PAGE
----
Voice on Voice: Ads Creeping In?
Voice End Point Targeting
Since the early days of voice assistants, the industry has been waiting to see how companies like Amazon and Google would monetize their breakout devices through advertising. To-date, both firms have stood pat that they would not dilute the user experience at the cost of advertiser revenue. Due to this stance, there has been a continually evolving ecosystem being built around these devices focused on activating voice advertising. This week we saw Pandora take a big step in this direction by launching a smart speaker targeting offering. The new feature, while not a revolutionary step, is a start toward marketers being able to reach these users outside of owned brand experience environments. (It also looks as if Google may be testing some subtle advertising opportunities of their own.) As voice technology continues to proliferate and move beyond the home (see Amazon’s auto optimization news below), it will become an even more sought-after channel for marketers to reach their consumers.
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Ad Buy Bullseye
Audio-streaming service and media company Pandora has begun selling ads specifically targeted at voice technology users. Previously the service was able to broadly target users of ‘connected home’ devices (an audience they say is composed of 14 million monthly users), but this new offering allows buyers to specifically send messages to users on smart speaker devices. While the ads essentially function like normal audio spots, they do open up an important new vehicle for marketers advertising voice-specific experiences to smart speaker users. The marketers can now include device-specific CTAs such as “ask Alexa” or “OK, Google” and be assured they are reaching users of those devices. While these ads can’t open a branded voice experience directly or allow in-ad shopping yet, Pandora has implied those are appealing areas to explore going forward. More on WSJ
Drive Time Context
Amazon has rolled out the ability to optimize skills for Alexa auto vehicles and devices. While skills will continue to work on any Alexa device, there is now new functionality that developers can take advantage of to ensure their experiences are better suited for use on-the-go. With these new customization capabilities, Alexa can now determine what type of device the user has and take advantage of location-aware responses. In addition to the new optimization capabilities, Amazon has published a “Best Practices for Designing Alexa Skills for Automotive” guide encouraging developers to design voice-first experiences, limit the need for users to reference their companion app, provide longer times for users to reply and more. More on Mashable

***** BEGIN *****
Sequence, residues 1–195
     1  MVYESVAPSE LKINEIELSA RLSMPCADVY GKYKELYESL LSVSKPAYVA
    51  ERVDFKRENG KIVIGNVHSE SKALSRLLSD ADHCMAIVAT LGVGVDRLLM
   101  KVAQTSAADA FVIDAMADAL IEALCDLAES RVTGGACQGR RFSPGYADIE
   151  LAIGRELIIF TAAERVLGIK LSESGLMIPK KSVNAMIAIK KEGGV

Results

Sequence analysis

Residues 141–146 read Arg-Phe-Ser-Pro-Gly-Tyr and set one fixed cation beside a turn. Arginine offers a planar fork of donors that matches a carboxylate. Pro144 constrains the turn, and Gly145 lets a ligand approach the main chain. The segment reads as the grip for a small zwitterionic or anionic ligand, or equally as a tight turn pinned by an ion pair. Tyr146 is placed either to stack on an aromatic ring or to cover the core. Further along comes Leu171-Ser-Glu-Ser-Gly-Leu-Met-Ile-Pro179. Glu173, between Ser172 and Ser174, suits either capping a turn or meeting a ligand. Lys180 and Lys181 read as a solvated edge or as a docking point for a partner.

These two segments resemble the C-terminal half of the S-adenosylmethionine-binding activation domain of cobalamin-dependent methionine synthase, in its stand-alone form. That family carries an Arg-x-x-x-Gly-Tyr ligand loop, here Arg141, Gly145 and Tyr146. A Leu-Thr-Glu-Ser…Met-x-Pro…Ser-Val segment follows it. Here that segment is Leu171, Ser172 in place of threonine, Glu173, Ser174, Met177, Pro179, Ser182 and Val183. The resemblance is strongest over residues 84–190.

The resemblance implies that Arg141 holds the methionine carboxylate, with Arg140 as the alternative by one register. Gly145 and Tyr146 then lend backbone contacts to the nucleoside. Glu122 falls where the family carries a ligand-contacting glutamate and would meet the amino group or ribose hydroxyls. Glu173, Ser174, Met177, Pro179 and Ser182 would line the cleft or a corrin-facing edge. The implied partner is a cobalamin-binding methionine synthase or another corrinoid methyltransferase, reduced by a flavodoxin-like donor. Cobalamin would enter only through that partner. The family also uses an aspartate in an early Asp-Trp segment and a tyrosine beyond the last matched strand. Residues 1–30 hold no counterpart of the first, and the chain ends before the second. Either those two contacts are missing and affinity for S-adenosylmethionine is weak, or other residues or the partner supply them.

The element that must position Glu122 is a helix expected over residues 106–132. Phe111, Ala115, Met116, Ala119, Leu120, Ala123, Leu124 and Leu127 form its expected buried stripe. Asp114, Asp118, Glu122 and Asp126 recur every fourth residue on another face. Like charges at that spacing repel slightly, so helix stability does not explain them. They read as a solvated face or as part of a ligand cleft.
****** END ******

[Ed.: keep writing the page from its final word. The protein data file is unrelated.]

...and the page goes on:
Siri’s Laser Focus
On the heels of their Pullstring deal, Apple has made another acquisition— this time it’s Laserlike, a machine learning startup focused on personalization capabilities. Specifically, the software can take information from the web or a user search and deliver results informed by user activity or browsing history. Reportedly the Laserlike team will be working in Apple’s Siri group suggesting that the company’s expertise will be used to help bolster Siri’s search functionality and improve the relevance of results. More on VentureBeat
Stats Don’t Lie
37% Percent of smart speaker users who will shop using their device this year (data from eMarketer)
76% Smart speaker users performing local searches at least weekly (data from Brightlocal)
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